Farmland values in the central Corn Belt remained stable in the first quarter of 2019, according to the Federal Reserve Bank of Chicago. While average farmland values remained unchanged from a year earlier, There was a 1%t increase in “good” farmland values from the fourth quarter of 2018 to the first quarter of 2019, according to the banks' quarterly survey of agricultural bankers. The bank serves the northern two-thirds of Illinois and Indiana, Iowa, eastern Wisconsin and the lower peninsula of Michigan.
The bank reports the amount of farmland for sale in the three- to six-month period ending with March 2019 was slightly higher than in the same period ending with March 2018, even as the demand to purchase agricultural land was a bit lower. Also, the number of farms sold and the amount of acreage sold were roughly the same during the winter and early spring of 2019 compared with a year ago. Almost a quarter of the responding bankers expect district farmland values to decrease during the second quarter of 2019, while three-fourths of them expected agricultural land values to be steady. Moreover, cash rental rates for district farmland eased for the sixth consecutive year in 2019.
Indiana and Iowa saw year-over-year decreases in farmland values, while Illinois and Wisconsin saw no changes. Somewhat surprisingly, Wisconsin did not have a year-over-year decrease in farmland values, despite being the lone state that experienced a quarterly decline. After being adjusted for inflation with the Personal Consumption Expenditures Price Index (PCEPI), district agricultural land values were down (by 1%) on a year-over-year basis for the 19th straight quarter in the first quarter of 2019.
The stability of district farmland values persisted even as the demand for agricultural land softened from a year ago and the supply on the market grew modestly, the bank notes. "As an Indiana banker noted, “There are people in rural communities who have really strong balance sheets and are in an offensive position, with the capability of buying land.” That said, there was some downward pressure on farmland markets in the three- to six-month period ending with March 2019 relative to the same period ending with March 2018, given that 7% of the survey respondents reported higher demand to purchase farmland and 28% percent reported lower demand," the bank notes. "Also, there was an uptick in the amount of agricultural land for sale during the most recent winter and early spring relative to a year ago, as 28% of the responding bankers reported more farmland was up for sale in their areas and 22% reported less. The number of farms and the amount of acreage sold were roughly the same in the winter and early spring relative to a year earlier," the bank states. "Notwithstanding several comments by responding bankers that investor interest in farmland was robust, survey participants generally indicated that the mix of agricultural acres purchased by farmers and investors was about the same in the three- to six-month period ending with March 2019 as in the corresponding period ending with March 2018," the bank says.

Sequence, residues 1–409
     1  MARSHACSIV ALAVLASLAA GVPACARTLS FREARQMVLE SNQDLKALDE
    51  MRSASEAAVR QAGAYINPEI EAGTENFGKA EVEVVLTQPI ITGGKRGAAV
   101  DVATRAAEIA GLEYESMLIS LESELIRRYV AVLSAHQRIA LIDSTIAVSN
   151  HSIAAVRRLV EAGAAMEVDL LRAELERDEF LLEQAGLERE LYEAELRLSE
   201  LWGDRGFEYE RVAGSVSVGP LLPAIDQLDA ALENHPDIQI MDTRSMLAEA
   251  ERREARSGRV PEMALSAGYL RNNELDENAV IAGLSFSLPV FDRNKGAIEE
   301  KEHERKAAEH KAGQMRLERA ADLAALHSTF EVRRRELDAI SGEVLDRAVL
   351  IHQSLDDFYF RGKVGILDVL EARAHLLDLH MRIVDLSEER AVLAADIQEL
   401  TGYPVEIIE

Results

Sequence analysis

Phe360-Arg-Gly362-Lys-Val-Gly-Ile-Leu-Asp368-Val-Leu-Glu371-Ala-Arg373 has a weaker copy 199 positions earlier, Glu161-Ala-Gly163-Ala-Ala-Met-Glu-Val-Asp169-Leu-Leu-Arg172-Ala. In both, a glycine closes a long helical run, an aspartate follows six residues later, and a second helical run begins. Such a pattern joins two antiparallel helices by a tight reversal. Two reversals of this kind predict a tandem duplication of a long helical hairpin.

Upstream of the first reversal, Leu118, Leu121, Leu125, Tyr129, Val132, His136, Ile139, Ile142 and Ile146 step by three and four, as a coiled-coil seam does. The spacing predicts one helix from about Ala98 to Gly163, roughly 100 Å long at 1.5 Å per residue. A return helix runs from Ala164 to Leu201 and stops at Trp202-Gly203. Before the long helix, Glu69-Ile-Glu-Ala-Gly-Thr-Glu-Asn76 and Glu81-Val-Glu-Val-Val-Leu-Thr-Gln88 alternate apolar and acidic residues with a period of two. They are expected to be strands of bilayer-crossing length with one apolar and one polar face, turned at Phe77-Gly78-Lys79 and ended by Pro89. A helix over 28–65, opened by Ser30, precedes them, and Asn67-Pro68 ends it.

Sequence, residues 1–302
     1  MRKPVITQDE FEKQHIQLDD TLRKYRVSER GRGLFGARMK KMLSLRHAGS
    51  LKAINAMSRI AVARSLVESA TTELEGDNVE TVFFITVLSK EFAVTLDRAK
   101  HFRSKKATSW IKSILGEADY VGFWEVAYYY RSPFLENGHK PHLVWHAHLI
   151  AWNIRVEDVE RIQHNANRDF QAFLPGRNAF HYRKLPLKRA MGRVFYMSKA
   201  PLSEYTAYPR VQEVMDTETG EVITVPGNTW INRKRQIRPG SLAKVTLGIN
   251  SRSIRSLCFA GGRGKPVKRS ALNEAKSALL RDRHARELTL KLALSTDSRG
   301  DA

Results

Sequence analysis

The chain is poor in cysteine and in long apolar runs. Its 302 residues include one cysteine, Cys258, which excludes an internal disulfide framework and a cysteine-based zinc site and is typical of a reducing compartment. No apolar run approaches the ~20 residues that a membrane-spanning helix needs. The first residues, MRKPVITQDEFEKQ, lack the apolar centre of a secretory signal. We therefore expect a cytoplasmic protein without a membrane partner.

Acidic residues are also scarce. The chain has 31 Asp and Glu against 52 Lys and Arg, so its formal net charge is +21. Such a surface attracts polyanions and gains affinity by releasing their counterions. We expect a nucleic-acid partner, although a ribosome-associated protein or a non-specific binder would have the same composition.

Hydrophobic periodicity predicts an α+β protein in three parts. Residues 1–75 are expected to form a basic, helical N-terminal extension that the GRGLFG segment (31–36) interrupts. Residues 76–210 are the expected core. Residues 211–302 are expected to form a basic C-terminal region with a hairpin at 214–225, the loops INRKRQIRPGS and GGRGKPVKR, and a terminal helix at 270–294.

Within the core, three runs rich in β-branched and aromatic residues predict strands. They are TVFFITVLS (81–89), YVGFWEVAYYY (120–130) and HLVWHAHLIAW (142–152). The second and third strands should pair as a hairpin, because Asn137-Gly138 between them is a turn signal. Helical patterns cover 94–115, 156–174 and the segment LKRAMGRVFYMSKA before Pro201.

Another indicator of weakening markets for farmland was a 3% decrease in cash rental rates for district agricultural ground from 2018 to 2019, the bank states. For 2019, average annual cash rents to lease farmland were down 2% in Illinois, 3% in Indiana, 4% in Iowa, 2% in Michigan, and 4% in Wisconsin. After being adjusted for inflation with the PCEPI, district cash rental rates slipped 5% from 2018. This was the sixth straight year of declining real cash rents—the longest such downturn since 1981 (when the survey started to track cash rents).
Annual percentage change in Seventh District farmland cash rental rates adjusted by PCEPI
Even though the current streak of decreasing real cash rental rates is the longest one on record in the survey, the district’s index of inflation-adjusted cash rental rates fell by more in percentage terms during the 1980s, the bank observes. "The index of real cash rents was reduced by nearly 50% from 1982 to 1987. In nominal and real terms, both the index of farmland cash rental rates and the index of agricultural land values peaked in 2013. As of 2019, the index of real cash rents dropped 36% below its level in 2013, reaching its lowest level since 2007; the index of real farmland values dropped only 10% from its 2013 peak (and was last lower in 2012). As of March 2019, the corresponding six-year dips in real corn and soybean prices were even larger — at 53% and 47%, respectively — according to calculations using data from the U.S. Department of Agriculture (USDA). With the current earnings potential of farmland (reflected by cash rents and crop prices) declining relatively more than agricultural land values, farmland purchasers seem to desire more strongly either long-term income prospects or other characteristics over the near-term returns of farm ownership, the bank observes.
Indexes of Seventh District farmland adjusted by PCEPI